I’ll concede to you that my use of the word “genocide” was not merely incorrect but wrong; however, I’ll stand by my point on this topic which is the mistreatment of Native Americans by the United States government. There was a policy of forced relocation. That policy, I believe, meets the definition of atrocity.
Inevitability, as you articulated above, doesn’t make it morally or ethically right.
You said, “We were beat up pretty badly in the beginning.” The problem for me it that I don’t per se fall into that category of we. My family cannot trace its beginnings here back to the 1680's. My family's origins here began with an Irishman stowing away on a ship sailing here during the Irish Potato Famine. That Irishman later married a Native American.
Edelphia was a member of the Cherokee nation. Because of my heritage, I have a great deal of empathy for the treatment of Native Americans.
I unconditionally love our country; however, that doesn’t mean that I can’t have legitimate critiques of our government, its agents, its policies, or of the policies or actions of groups within our country.
In an effort to demonstrate my perspective on this, I’m going to use an analogy.
Drug addiction is a horrible thing which often creates a dynamic where loved ones have to choose how to approach the addict. One approach is to ignore the situation and pretend it isn’t occurring, another is to enable the addict by making excuses for them, and the third option is to confront the addict regarding the situation.
Ignoring the situation or enabling the addict is likely a pathway for death and in one of the situations, the enabler may be seen as a party to the death (not legally, mind you).
In my opinion, confronting the addict is the only moral and ethical path because at least then the confronter will have done what is ultimately about the only thing they can do.
In none of the three scenarios I’ve mentioned does it mean the loved one doesn’t love the addict, it just means they view and act on the situation in different ways.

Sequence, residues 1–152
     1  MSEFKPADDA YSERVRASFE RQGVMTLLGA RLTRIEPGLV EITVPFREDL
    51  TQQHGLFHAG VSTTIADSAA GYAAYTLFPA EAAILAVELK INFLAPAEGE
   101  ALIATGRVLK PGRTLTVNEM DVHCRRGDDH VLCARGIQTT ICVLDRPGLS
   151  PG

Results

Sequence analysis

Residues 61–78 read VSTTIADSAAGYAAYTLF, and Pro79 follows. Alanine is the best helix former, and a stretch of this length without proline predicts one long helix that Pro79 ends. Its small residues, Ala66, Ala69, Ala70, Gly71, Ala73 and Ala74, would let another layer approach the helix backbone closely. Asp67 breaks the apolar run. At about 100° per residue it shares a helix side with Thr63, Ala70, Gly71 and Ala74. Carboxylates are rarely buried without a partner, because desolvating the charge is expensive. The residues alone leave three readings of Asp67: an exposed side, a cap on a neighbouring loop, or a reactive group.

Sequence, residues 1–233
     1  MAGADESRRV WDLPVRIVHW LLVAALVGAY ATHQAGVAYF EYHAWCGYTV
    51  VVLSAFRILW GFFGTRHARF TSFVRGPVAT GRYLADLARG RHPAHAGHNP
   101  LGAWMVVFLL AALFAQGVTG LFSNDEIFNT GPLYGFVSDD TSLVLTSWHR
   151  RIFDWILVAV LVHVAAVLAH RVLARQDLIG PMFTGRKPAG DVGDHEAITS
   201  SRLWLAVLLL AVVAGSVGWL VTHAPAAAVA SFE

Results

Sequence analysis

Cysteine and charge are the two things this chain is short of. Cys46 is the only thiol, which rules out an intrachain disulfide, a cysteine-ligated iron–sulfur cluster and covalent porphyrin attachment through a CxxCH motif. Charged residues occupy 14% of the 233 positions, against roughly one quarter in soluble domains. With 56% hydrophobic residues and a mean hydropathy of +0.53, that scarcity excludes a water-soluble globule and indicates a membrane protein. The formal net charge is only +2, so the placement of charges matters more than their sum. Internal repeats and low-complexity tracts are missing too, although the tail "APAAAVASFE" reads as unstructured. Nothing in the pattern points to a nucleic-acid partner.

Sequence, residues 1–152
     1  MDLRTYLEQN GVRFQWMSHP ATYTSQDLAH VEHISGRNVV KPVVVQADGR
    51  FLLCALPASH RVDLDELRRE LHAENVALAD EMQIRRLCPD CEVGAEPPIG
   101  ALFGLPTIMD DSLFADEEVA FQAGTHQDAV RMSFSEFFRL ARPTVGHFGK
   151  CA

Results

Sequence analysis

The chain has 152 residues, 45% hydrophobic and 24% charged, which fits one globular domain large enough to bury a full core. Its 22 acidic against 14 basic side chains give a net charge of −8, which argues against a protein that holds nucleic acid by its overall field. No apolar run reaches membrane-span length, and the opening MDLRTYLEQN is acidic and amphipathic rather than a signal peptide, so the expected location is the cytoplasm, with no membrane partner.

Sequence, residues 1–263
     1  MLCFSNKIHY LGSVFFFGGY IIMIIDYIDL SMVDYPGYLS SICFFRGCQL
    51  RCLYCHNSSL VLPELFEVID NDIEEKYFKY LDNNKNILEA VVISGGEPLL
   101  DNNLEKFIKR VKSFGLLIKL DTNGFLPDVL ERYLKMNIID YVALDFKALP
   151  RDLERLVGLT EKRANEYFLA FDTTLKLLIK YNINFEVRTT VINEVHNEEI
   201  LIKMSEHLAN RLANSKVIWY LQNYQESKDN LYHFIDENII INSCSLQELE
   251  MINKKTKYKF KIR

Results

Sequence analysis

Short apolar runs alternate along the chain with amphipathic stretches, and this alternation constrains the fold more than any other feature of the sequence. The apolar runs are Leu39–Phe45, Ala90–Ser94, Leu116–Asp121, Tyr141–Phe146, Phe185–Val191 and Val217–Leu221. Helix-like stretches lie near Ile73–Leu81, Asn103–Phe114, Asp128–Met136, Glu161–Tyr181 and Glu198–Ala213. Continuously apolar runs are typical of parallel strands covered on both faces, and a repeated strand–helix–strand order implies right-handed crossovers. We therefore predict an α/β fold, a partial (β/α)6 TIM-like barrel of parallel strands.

Our county is like that addict. Manifest Destiny was an entitled vision that expansion from the east coast to the west coast was inevitable. The problem, in my view, is that Manifest Destiny never stopped at the West coast. According to Ron Paul, we have 700+ known U.S. government facilities in 130 countries around the world. I recently discussed this topic with an individual who asserted that we are not an empire despite these facilities around the world simply because we don’t have an emperor. I don’t think a legitimate case can be made that we are an empire according to the strict definition of the term but, what then, are we? We are addicted to expansion, natural resources, influence, power, and control.
I love America the addict but I’m not willing to ignore the addiction. I’m not going to enable the addiction by making excuses or justifying it. My only moral and ethical choice is to confront the addiction. My confrontation is exactly because I DO love my country not because I do not.
I believe that much like the Roman Empire that collapsed under the weight of its expansiveness, we are running the same risk. How much is it costing us financially to grow and maintain our facilities and interests abroad? I believe it’s unsustainable. We are literally going broke because of our foreign policy. I don’t hold these views or speak on them because I’m anti-American or hate America. I can love my country and still dissent from the policies thereof.
There’s a quote that says seek first to understand then to be understood. So in that light, there are things I want to understand from you. I’d really appreciate your views on the war in Iraq. I’m not bringing that up to bait you or attempt to divert from any previous discussions. I don’t necessarily wish to debate or argue the subject. I simply want your perspective on it from whatever angle you may choose to discuss it.